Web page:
Pamela Woolford, 2017. Photo by Rich Riggins.

“The narrative [and] the spoken word of the old woman…are quite lovely and wonderful and full of rich imagery.”
Wynn Thomas, production designer for Hidden Figures, Crooklyn, Malcolm X,  and numerous other Hollywood films

"Beautifully shot. Very evocative. A great mix of oral tradition and past remembrance and meditations on the body as suffering and a source of resistance and resilience." "This is a lovely and groundbreaking film.” 
Marita Golden, NPR Best Book author and Two-Time NAACP Image Award nominee
“An experimental short by Pamela Woolford demonstrated an intimate technique of storytelling involving multiple art disciplines, innovative use of dialogue and narrative.”
Denise JohnsonNew Pittsburgh Courier critic in her article “Black Bottom Film Festival—‘A celebration of the Black artistic voice and creative stamina’”

"Pamela's visual and auditory expression adds layer after layer of emotion.... I love the mystery, like I had stumbled upon some secret ritual to the past.'"
Lindsey Yancich, gallery coordinator for Smith Center's Joan Hisaoka Healing Arts Gallery

"I...found the storytelling and setting a beautiful and haunting mix."
Bonnie Thornton Dill, feminist scholar and dean, College of the Arts and Humanities, University of Maryland

"I...was moved to tears. This is such a phenomenal film!
Bevil Townsend, curator, In Your Ear arts series at DC Arts Center 

A "soul-stirring story...." "...the film is beautiful.'s pensive. It emotes. ...[an] amazing film."
Tim Gordon, film critic, DC Radio's FilmGordon Show

"...indeed a wonderful film."
Tre' McGriff, founder/director, CineOdyssey Film Festival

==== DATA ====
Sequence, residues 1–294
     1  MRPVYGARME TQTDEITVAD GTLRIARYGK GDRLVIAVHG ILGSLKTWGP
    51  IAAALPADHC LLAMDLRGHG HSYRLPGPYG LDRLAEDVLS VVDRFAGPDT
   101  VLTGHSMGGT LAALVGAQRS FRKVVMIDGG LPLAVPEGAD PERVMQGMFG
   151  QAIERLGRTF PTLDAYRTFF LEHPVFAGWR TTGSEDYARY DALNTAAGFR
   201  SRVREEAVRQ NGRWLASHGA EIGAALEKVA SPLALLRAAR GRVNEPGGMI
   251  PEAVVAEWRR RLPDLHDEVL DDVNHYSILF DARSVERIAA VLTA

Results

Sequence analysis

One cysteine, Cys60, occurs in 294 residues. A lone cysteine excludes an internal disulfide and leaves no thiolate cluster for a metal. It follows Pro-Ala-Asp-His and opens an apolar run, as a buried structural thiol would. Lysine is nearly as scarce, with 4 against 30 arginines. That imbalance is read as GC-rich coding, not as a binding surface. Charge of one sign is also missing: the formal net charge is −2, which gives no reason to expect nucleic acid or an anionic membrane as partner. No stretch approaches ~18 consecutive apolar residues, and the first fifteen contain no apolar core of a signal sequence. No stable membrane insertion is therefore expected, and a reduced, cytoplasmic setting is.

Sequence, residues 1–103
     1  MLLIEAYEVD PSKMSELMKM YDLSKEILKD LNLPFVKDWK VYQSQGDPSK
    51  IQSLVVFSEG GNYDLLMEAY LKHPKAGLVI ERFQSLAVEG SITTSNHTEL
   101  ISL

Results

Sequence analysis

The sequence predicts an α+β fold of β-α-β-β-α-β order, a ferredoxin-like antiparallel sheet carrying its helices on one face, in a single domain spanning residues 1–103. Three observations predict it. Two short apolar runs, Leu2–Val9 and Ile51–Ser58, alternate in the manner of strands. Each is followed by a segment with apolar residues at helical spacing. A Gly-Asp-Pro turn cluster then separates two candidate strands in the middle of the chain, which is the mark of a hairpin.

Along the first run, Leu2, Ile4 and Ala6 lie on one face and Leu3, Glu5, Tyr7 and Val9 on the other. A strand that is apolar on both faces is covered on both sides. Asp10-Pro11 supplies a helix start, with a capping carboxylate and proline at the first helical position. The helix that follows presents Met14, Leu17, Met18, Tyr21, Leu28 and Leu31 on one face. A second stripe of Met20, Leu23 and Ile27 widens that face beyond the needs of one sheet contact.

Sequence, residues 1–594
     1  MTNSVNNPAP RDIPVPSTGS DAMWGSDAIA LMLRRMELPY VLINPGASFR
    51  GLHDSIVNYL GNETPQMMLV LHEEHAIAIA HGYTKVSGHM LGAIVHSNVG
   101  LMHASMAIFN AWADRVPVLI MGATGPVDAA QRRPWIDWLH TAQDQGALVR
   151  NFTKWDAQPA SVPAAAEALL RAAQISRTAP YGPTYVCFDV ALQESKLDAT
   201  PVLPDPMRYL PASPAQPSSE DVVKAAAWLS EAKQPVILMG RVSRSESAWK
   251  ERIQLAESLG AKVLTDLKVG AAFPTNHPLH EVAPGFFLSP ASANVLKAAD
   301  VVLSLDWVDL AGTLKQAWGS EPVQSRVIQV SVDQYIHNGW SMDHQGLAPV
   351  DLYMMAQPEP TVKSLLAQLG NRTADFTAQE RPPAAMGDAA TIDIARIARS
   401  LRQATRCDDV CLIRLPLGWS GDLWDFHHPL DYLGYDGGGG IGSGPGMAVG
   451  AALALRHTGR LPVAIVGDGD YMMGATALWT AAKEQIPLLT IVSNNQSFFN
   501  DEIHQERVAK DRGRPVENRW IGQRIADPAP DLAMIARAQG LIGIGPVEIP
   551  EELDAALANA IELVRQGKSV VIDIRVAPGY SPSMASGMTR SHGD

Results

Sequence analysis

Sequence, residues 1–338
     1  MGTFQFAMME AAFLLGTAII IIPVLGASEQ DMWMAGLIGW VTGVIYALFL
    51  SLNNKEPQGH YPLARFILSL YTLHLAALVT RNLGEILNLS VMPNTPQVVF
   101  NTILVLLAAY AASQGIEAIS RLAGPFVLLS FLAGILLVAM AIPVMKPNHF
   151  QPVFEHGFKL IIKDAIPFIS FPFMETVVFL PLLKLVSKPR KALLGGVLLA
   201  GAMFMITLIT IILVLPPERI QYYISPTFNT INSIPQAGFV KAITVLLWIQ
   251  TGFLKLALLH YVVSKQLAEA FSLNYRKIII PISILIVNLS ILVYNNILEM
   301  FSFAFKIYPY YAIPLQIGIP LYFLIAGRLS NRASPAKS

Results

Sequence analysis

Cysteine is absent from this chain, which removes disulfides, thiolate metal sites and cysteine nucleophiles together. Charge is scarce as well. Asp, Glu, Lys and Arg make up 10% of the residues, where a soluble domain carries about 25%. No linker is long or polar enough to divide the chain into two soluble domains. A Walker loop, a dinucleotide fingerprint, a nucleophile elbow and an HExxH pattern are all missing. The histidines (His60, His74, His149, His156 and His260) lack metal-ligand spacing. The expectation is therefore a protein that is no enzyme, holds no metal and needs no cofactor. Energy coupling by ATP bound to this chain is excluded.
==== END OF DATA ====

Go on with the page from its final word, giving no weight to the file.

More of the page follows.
“I believe her novel-in-progress, Sleep, will one day afford her the acclaim that comes to few first novelists. The novel is a sensitive and thorough exploration of the lives of three people—quite specific in the details and characterization of those three, but universal because Pamela’s artistry opens a window to allow us to view ourselves, our loved ones, our neighbors in those three people. Sleep is a precious piece of work and deserves a wide audience.”
Edward P. Jones, Pulitzer Prize-winning novelist

"Great voice there. It has that feel of good literature."
Mark Wisniewski, novelist and Pushcart Prize contributing editor
“a gifted writer…doing what [she was] born to do—mine a good story. ...Meditations is broad in scope and emotions…[and] moving
Dawn Davis, VP at Simon & Schuster and publisher of The Misadventures of Awkward Black Girl by Issa Rae, The Butler by Wil Haygood, and The Pursuit of Happyness by Chris Gardner

“Stutter is written with a spare crystal clear beauty and has a definite cinematic quality. A moving commentary on missed connections and the deeper meaning of ‘recognitions.’”
Marita Golden, NPR Best Book author and Two-Time NAACP Image Award nominee

“I hold [Pamela] and [her] work in strong regard, strong regard indeed, and I’m behind [Meditations on a Marriage] 150%.”
Richard McCann, author of Mother of Sorrows and former president of PEN/Faulkner Foundation
This is What Happened is "moving and very carefully calibrated.”
Arik Gabbai, senior editor, Smithsonian Magazine
"I'm delighted with [Pamela's] clarity & determination to affirm what is true. Langston [Hughes] would have loved [her] for it."
Alice Walker, Pulitzer Prize- and National Book Award-winning author
"a strong, sharp writer"
Alicia Ostriker, Chancellor of the Academy of American Poets
Truth & Story, vlog #5, 10 Ways to Beat Writer's Block is "charming. It really is a fine thing. There's a lot of wisdom there re. writing—& it's fun to watch."
Mark Wisniewski, novelist and Pushcart Prize contributing editor

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